To sew the material, the manufacturers use a special thread and needle that create a nearly undetectable seam. This is important because it ensures that the headphone’s sound quality is not compromised.
The manufacturers are careful about the people they use for this process, as it requires immense skill and experience.
The foam used varies from company to company, but some of the most common types are memory foam, latex foam, and polyurethane foam. As I mentioned, some also use feathers. Each has its own pros and cons in headphones, though.
The whole headphone is hand-polished with the requisite polishes and then left to dry. Different polishes needed for hi-fi headphones include shellac, beeswax, and carnauba wax. The leather (synthetic or real) is also conditioned to increase its life.
It is important to note that the electrical components within headphones CANNOT be hand-crafted. These are usually manufactured in-house for hi-fi equipment or can be sourced out to a reputable company. Some of these components include, but are not limited to:
- Headphone drivers
- Crossover networks
- Batteries (for wireless headphones)
- Soldering materials
After this, the manufacturers perform a series of tests to ensure that the headphone meets their high standards.
The Pros and Cons of Hand-Crafted Headphones
There are both pros and cons to hand-crafted headphones.
The main pro is that they offer better sound quality because they are made with higher-quality materials and have a more precise assembly. This also means a much longer lifespan for the headphones.
The main con is that they are more expensive than mass-produced headphones. Furthermore, the long life may mean that if you are like, “don’t replace it till it’s broken,” you may end up falling behind in terms of technology.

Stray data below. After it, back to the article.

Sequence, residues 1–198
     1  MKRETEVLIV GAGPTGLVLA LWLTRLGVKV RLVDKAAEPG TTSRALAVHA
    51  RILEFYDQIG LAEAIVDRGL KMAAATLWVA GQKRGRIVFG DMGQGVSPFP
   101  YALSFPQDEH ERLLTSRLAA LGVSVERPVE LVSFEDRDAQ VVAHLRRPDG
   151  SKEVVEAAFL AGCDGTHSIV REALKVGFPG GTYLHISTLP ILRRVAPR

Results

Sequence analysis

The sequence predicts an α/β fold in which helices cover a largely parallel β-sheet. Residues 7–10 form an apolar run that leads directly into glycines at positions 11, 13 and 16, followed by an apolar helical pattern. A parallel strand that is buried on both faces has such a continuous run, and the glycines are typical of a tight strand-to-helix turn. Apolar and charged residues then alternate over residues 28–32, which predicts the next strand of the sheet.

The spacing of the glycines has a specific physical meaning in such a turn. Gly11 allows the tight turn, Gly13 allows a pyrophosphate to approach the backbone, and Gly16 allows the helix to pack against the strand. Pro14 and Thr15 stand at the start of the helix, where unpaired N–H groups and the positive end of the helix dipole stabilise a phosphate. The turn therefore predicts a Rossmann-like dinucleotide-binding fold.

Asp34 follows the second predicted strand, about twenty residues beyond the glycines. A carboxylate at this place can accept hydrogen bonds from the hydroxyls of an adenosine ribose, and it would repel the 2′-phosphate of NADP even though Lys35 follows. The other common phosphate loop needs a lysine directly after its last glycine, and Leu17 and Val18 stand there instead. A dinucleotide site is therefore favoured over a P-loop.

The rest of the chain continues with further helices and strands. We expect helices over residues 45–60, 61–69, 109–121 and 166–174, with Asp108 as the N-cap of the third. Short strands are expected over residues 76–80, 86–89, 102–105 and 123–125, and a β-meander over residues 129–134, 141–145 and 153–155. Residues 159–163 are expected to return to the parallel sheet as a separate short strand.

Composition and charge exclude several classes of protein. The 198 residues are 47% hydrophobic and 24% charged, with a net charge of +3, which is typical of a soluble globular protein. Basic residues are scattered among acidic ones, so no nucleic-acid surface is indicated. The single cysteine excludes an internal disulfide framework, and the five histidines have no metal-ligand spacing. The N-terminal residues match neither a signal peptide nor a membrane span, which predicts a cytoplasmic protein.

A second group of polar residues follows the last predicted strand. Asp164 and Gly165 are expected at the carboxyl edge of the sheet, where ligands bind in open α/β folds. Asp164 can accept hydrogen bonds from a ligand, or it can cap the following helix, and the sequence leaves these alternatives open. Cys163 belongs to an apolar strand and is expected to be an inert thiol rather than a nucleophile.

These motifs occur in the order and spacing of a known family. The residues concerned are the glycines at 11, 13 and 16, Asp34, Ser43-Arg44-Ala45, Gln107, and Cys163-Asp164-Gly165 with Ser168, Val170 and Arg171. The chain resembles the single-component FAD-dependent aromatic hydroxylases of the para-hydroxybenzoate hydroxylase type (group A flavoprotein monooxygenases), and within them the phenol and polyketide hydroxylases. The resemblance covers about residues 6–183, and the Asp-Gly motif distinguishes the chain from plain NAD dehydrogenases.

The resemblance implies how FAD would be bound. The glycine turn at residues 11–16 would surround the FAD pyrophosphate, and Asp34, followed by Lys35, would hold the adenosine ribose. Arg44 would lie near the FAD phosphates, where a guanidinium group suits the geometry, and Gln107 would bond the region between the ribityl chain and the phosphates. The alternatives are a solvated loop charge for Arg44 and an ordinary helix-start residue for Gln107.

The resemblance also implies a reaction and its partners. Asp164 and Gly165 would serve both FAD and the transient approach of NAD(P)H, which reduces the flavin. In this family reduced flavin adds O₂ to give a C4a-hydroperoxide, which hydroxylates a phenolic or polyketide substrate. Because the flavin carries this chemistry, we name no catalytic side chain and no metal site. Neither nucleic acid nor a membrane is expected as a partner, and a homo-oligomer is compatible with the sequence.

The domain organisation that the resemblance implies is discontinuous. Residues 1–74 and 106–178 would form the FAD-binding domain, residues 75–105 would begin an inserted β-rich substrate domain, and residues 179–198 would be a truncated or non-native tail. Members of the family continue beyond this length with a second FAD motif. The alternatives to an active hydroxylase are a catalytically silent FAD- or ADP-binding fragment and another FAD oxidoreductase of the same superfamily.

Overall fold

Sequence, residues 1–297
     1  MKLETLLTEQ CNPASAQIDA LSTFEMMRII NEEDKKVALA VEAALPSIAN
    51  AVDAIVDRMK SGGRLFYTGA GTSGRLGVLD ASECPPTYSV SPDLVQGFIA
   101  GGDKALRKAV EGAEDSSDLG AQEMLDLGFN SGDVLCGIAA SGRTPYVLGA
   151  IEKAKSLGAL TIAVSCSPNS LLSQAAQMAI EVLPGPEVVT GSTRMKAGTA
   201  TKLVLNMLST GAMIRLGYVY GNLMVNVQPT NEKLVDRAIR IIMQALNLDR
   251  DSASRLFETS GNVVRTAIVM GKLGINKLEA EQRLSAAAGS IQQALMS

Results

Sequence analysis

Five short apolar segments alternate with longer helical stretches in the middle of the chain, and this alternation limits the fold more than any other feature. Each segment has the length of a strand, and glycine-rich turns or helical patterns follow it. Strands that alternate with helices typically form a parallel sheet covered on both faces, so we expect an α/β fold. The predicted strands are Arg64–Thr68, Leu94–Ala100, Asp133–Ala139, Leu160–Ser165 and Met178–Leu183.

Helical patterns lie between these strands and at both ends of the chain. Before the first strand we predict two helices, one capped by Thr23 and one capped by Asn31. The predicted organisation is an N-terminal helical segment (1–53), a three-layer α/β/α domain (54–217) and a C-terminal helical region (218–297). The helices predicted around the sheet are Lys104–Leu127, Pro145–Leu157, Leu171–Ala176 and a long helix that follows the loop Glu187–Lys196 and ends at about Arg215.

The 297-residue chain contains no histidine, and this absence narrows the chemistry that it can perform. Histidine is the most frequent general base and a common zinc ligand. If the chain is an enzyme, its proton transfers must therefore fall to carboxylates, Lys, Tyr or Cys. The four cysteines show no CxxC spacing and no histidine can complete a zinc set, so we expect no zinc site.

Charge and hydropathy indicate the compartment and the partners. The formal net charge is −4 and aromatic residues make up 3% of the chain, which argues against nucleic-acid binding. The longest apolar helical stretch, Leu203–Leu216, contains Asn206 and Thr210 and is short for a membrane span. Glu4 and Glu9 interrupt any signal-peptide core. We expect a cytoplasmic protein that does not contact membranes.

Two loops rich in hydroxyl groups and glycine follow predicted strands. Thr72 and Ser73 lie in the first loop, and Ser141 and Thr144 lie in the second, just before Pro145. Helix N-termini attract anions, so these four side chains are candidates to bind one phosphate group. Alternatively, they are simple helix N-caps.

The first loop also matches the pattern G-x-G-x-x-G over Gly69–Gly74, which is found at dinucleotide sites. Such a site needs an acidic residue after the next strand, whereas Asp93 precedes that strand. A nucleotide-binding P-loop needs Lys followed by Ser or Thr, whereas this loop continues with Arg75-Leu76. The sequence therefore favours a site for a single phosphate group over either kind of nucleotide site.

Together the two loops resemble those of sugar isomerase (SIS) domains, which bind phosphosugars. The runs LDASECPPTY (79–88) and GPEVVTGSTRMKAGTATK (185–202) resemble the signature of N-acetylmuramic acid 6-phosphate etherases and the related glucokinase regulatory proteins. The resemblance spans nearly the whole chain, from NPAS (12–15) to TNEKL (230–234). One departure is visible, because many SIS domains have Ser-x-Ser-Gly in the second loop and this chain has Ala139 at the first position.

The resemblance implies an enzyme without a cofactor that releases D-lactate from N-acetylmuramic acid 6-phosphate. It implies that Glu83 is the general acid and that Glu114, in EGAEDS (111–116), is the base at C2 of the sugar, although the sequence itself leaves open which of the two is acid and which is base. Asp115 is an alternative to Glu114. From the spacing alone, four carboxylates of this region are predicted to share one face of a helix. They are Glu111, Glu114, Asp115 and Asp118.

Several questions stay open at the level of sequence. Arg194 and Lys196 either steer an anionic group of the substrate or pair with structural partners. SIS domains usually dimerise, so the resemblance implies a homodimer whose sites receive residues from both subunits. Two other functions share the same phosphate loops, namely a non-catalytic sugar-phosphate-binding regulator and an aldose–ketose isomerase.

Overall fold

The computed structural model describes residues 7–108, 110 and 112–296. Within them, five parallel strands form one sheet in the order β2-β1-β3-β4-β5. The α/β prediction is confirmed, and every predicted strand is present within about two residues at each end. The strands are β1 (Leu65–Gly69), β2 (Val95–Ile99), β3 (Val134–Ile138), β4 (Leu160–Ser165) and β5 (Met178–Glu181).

The Science Behind Hi-Fi Headphones
Now that I’ve discussed how headphones are made, let’s take a look at the science behind hi-fi headphones. The quality of sound produced by a headphone is measured in hertz (Hz).
Humans can hear sounds in the frequency range of 20 Hz to 20,000 Hz, although this range varies from person to person.
Hi-fi headphones are designed to produce sound in the full frequency range that humans can hear, which results in a more natural and realistic sound. To do this, hi-fi headphones use larger drivers than regular headphones.
Larger drivers are able to produce sound waves with a longer wavelength, which means they can reproduce lower frequencies. This results in wider frequency response and better overall sound quality.
This is one of the costliest elements in hi-fi headphones as it requires a driver that can handle lows and highs better.
Hi-fi headphones are designed and manufactured for people who appreciate high-quality sound and are willing to pay more for it. If you’re looking for the best possible sound quality, hi-fi headphones are definitely worth considering!
A passion for writing and ongoing research projects gives Catherine an incredibly broad knowledge of all things. She has authored an incredible number of articles and can be found in the wilderness when not attached to technology or listening to podcasts.